Why does a .38 Spl have such a long round and little powder?


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dgray64
November 26, 2007, 12:53 PM
I loaded my first .38s yesterday. I have been loading 9mm, 380, .40 S&W and .45. All of these take lots of Unique powder. The 9mm takes 5.4 grs for a 115gr round. This fills the case and actually compresses some under the round. The .38 on the other hand takes 4.4 gr of Unique for 158 gr bullet. There is a lot of empty space in the case. Curious!

Dave :confused:

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BigG
November 26, 2007, 01:03 PM
The cartridge dates from c. 1899 and was during the transition from black powder to smokeless powder. There were many old BP guns chambered for 38 Colt with bored thru cylinders that would take anything that would fit. The 38 Special was made long enough that it wouldn't chamber in most of those.

Mark whiz
November 26, 2007, 01:03 PM
The .38Spcl case is still a "throwback" to the black powder days of yor. The case was originally designed for black powder loads which would occupy a much greater space than current smokeless powders.


BigG beat me to the draw!! Ha!

rcmodel
November 26, 2007, 01:04 PM
Started out in 1899.

It was also made longer then the older black-powder .38 S&W so it couldn't be chambered in the weaker old guns. Kind of the same reason the .357 Mag and .44 Mag are longer then the .38 Spl. and .44 Spl.

http://i81.photobucket.com/albums/j219/rcmodel/KTOG/1224.gif
rcmodel

Steve Koski
November 26, 2007, 01:04 PM
Because it's older than your grandpa.

Jim Watson
November 26, 2007, 01:48 PM
The .38 Special came out in 1899, loaded with black powder. It was special because it had 21 grains of powder and a 158 grain bullet instead of the .38 Government/.38 Long Colt with 18 grains powder and a 150 grain bullet. So it is longer to hold more powder. It will chamber in a "bored through" .38 L.C. So will a .357 Magnum but that doesn't mean you should shoot them.

It has nothing to do with .38 S&W.

GaryL
November 26, 2007, 01:54 PM
Cause it's old? :neener:

I think this one has been answered.

dgray64
November 26, 2007, 03:30 PM
Thanks. That makes a lot of sense!

Dave :neener:

The Bushmaster
November 26, 2007, 06:03 PM
Because it was designed for black powder? I'm too young to remember. Or was that I can't remember because I'm too old? Never mind...I forget. Was this question answered?...Oh...O K...

jfh
November 26, 2007, 07:24 PM
the cartridge came out in 1899, and was originally designed for BP?

Jim H.

Steve Koski
November 26, 2007, 07:58 PM
Did anyone say that it's a freakin' old cartridge?

ArchAngelCD
November 26, 2007, 10:22 PM
Why do 10 people say the same exact thing after the question has been answered many times over?

strat81
November 26, 2007, 10:46 PM
Why do 10 people say the same exact thing after the question has been answered many times over?
Sometimes it's good to have reinforcement.

I like Koski's answer the most.

But anyway, to answer the OP's question, the 38 Special dates back to 1899... ;)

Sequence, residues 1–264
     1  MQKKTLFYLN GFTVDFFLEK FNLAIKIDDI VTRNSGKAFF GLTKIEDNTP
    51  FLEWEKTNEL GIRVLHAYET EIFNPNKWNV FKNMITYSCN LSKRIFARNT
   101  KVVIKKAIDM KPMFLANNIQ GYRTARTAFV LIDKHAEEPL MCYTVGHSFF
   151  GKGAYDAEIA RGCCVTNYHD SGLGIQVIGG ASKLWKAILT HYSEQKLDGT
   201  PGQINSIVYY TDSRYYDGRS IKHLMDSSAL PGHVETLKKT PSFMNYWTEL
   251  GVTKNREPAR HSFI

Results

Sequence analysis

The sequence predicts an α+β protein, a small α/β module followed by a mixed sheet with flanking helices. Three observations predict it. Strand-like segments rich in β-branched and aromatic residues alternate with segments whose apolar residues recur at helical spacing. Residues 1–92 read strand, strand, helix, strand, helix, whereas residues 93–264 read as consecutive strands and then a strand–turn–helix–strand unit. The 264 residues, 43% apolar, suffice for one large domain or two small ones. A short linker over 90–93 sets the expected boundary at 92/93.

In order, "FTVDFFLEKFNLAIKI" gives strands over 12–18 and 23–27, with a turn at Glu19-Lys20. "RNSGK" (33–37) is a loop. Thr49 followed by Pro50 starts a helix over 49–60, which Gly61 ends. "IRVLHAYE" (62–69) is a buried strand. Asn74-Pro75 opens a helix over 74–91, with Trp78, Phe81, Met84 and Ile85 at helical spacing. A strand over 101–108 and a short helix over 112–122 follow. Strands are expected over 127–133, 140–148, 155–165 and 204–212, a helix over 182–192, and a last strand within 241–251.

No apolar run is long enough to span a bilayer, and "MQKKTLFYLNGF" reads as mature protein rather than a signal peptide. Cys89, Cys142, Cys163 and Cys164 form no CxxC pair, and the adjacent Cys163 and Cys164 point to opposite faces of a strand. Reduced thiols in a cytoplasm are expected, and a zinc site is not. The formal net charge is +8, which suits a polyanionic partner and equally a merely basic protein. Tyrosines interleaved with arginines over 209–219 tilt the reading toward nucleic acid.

The Bushmaster
November 27, 2007, 12:09 AM
I appologize dgray64...It seems that everyone is a bit bored today...But...Did we answer your question adequately? We get graded poorly if we didn't...

jfh
November 27, 2007, 12:38 AM
"Why do 10 people say the same exact thing...."

Thank you for being the straight man, ArchAngelCD. At least one person said it tongue in cheek--but I like The Bushmaster's response the best.

Crazy4nitro
November 27, 2007, 02:33 AM
.38Spcl is one of My Fav. Rounds
Bullseye fills VERY little of the case.

'Nitro

jfh
November 27, 2007, 02:47 AM
Well, just don't use 100-yr-old Bullseye in an original 38 Special case....

Jim H.

Clark
November 27, 2007, 10:26 AM
Cartridges of the World shows the 38sp being introduced in 1902 to be better than the shorter old black powder cartridge, the 1887 38 Colt Long.

Smokeless powder was invented in 1888, and quickly caused the phasing out of black powder.

Double based powder since 1889.

There is a batch of Unique powder from 1899 that is periodically ceremoniously shot.

http://findarticles.com/p/articles/mi_m0BQY/is_8_47/ai_76558924


What does it all mean?
The 38 sp has to be long enough, so it won't fit any old black powder 38 Colt Long revolvers.
They may say it was long for safety, but IMHO they wanted to sell new revolvers.
Have you ever tried to blow up a black powder revolver with smokeless powder?
I have. It is not easy. I have not tested any that would blow up with 38 sp pressures.

Jim Watson
November 27, 2007, 11:32 AM
I don't take CotW as Gospel.

Blue Book - not a primary reference, either - says the S&W Military and Police came out in 1899 and that commercial models were marked ".38 S&W Special and U.S. Service Ctgs."

Sharpe said that if your .38 Long will accept .38 Specials, to load Special brass with Long data.

Stebbins was of the opnion that .38 Special black and smokeless loads came out together. But Greener still showed black powder loads in 1909.

rcmodel
November 27, 2007, 02:57 PM
CTW is wrong. Again!
There are a lot of errors in Cartridges of the World.

The "3rd. Book of S&W" bible clearly says the .38 Special was introduced by S&W in 1899, in the new Model of 1899 Army-Navy revolver. (1st. model M&P)

http://i81.photobucket.com/albums/j219/rcmodel/KTOG/1224.gif
rcmodel

The Bushmaster
November 27, 2007, 04:47 PM
Kind of a "Trivial Pursuit" question without too much importants or bearing on the over 100 year old .38 Special. But you go get'em tiger..Aah..rcmodel...

shc1
November 27, 2007, 07:25 PM
Because it's older than your grandpa.

Ummm no it's not...:p

bcp
November 27, 2007, 08:18 PM
'Cause if it was shorter or longer it wouldn't be a 38 Special, would it?

;)

Bruce

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